Mr Ibrahim Manso, the state PDP State Public Relations Officer, said there was no petition, noting that the primaries were “transparent.’’
In Adamawa, although the PDP primaries had been concluded, some members of the party are questioning the legitimacy of the results.
Chief Joel Madaki and Mr Tahir Shehu, the Chairman and Secretary of PDP in the state respectively, who were suspended on the grounds of the results of the primaries, had filed two separate suits at a Yola High Court.
In Kebbi, PDP held parallel primaries, while Sen. Atiku Bagudu defected to APC to pick the party’s governorship ticket.
Also in Katsina State, Alhaji Umar Abdullahi, one of the PDP governorship aspirants in the state, defected to APGA to clinch the party’s governorship ticket.
In Lagos State, Sen. Musliu Obanikoro walked out of the voting centre when there was a controversy on difference between votes cast and registered voters
He has taken PDP to a Federal High Court in Abuja to compel the party’s leadership to respond to his petition, seeking cancellation of the primaries.
In Oyo State, a governorship aspirant, Mr Adebayo Shittu, also walked out of APC primaries, alleging irregularities.
Members of Accord Party in the state accused the leadership of the party of endorsing former Gov. Rashidi Ladoja as its sole governorship candidate.
In the PDP, former Gov. Adebayo Alao-Akala defected to Labour Party (LP) and was given the party’s governorship ticket.
Another aggrieved PDP governorship aspirant, Mr Seyi Makinde, defected to
Social Democratic Party (SDP).
Commentators have, therefore, raised concern about rampant defection of politicians in one party to others just to attain their goals.
But Mr Dele Ogunsola, a political analyst, attributed the development to the quest for internal democracy by politicians.
“The actors in the political parties in that situation demanded for internal democracy but were denied, so they decided to exercise their political right by either defecting to other parties,’’ he said.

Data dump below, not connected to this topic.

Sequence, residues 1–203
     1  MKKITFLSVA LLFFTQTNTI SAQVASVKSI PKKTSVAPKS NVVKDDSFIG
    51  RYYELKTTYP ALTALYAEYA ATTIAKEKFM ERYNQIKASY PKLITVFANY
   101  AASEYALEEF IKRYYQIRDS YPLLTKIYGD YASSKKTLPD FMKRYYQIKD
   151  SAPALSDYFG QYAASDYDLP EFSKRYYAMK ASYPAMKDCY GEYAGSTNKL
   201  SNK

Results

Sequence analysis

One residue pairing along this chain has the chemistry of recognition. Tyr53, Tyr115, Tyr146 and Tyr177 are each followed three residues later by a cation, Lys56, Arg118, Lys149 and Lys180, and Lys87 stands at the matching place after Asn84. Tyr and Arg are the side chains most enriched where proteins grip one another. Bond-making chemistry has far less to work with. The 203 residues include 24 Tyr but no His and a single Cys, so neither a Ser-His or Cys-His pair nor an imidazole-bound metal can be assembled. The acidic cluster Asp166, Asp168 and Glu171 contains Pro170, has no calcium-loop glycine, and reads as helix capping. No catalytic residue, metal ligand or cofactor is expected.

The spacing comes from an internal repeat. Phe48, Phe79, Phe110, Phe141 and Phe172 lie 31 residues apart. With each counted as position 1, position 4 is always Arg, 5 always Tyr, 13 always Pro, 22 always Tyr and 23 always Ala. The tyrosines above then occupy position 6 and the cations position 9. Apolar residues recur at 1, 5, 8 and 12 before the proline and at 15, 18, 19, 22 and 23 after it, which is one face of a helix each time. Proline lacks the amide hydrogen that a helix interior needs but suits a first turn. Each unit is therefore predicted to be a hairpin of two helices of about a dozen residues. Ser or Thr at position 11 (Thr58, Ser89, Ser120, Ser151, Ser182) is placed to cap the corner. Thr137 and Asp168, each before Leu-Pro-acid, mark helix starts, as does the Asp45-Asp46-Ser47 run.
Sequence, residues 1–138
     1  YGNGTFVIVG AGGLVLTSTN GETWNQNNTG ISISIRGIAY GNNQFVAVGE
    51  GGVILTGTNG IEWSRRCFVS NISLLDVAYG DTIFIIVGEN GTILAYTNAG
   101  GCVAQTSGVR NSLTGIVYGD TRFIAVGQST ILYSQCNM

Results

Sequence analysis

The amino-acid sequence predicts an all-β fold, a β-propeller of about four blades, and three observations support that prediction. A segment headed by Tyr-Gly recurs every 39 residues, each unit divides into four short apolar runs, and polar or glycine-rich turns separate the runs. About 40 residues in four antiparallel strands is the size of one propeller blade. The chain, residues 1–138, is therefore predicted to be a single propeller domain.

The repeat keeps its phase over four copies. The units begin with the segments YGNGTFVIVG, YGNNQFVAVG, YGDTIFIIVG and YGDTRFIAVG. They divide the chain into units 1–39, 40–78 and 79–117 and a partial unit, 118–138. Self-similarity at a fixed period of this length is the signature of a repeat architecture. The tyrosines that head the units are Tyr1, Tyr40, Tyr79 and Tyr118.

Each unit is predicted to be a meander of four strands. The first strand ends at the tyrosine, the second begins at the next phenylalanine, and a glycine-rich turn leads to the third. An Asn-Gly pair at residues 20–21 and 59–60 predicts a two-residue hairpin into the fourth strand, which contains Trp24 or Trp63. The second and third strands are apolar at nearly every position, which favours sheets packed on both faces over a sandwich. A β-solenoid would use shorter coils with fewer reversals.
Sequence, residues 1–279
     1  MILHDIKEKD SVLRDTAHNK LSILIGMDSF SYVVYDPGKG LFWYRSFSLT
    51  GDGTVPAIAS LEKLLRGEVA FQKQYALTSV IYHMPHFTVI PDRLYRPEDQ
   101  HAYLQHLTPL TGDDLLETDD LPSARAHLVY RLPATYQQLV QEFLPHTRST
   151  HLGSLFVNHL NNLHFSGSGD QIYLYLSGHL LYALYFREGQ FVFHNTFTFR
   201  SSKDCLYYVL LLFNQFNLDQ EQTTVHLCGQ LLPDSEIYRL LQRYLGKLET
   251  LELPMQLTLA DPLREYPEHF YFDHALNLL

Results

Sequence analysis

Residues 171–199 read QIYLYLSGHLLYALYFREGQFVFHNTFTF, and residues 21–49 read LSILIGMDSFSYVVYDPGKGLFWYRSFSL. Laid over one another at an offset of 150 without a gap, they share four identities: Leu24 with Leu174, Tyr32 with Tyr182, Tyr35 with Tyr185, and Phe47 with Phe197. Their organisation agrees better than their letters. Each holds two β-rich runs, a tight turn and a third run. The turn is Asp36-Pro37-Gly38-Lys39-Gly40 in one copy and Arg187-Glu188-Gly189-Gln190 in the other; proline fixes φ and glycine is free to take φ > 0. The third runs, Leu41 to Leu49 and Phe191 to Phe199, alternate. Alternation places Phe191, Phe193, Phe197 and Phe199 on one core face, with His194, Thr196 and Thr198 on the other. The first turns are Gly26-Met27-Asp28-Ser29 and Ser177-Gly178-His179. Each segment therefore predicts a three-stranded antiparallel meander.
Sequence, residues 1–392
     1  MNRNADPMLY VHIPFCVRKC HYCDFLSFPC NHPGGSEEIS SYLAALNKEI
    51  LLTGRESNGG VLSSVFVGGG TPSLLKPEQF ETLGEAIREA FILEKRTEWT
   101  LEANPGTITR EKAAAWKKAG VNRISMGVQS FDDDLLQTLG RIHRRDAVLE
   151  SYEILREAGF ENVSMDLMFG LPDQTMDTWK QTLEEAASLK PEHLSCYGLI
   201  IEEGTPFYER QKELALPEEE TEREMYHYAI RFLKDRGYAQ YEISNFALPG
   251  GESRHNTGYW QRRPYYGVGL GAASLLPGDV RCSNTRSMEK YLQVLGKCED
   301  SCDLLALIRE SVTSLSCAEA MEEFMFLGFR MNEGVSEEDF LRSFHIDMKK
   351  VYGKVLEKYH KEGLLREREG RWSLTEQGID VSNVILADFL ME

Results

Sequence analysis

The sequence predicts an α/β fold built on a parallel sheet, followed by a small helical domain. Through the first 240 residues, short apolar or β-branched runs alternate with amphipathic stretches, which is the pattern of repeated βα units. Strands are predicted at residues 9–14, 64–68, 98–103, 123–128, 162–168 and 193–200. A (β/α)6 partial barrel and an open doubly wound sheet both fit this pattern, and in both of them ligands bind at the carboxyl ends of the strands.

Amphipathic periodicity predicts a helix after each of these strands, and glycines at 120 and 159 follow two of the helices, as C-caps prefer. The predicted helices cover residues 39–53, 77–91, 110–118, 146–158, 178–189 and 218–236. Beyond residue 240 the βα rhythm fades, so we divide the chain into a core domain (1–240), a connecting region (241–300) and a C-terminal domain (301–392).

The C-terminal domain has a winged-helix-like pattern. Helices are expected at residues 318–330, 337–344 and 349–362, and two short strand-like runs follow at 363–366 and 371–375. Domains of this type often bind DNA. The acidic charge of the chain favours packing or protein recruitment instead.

Mr Olakunle Oluomo, a member of Ogun State House of Assembly, described defection as “exercise of democratic rights.
“If you think that the party you are in cannot serve you right, you have the right to leave that party and go to another party of your choice.’’
In his opinion, Mr Mike Okolo, a political analyst in Delta, said that unresolved cases of imposition and electoral fraud that characterised the party primaries posed danger to the nation’s democracy.
“Many of the aspirants who won their party’s tickets were not the choices of the people; the practice of imposing unpopular aspirants makes mockery of our democracy,’’ he noted.
Mrs Veronica Ugba, LP women Leader in Delta, said that the just concluded party primaries presented a pointer of what to expect in the general elections.
“We have to know that what happened during the primaries, especially in Delta, was a rehearsal of what is to come during the general elections.
Dr Lateef Adetona of Political Science, Lagos State University, nonetheless, attributed defection by politicians to lack of commitment to party philosophy.
He observed that some Nigerian politicians had yet to develop to the level of adhering strictly to the principles of their parties.
“Those who are really politicians in advanced countries will not find it easy to defect because they believe firmly in the principles of their parties,’’ Adetona stressed.
Other causes of defection of politicians to parties, notwithstanding, political analysts insist that absence of ideologically-based parties is responsible for the rampant defection.(NANFeatures)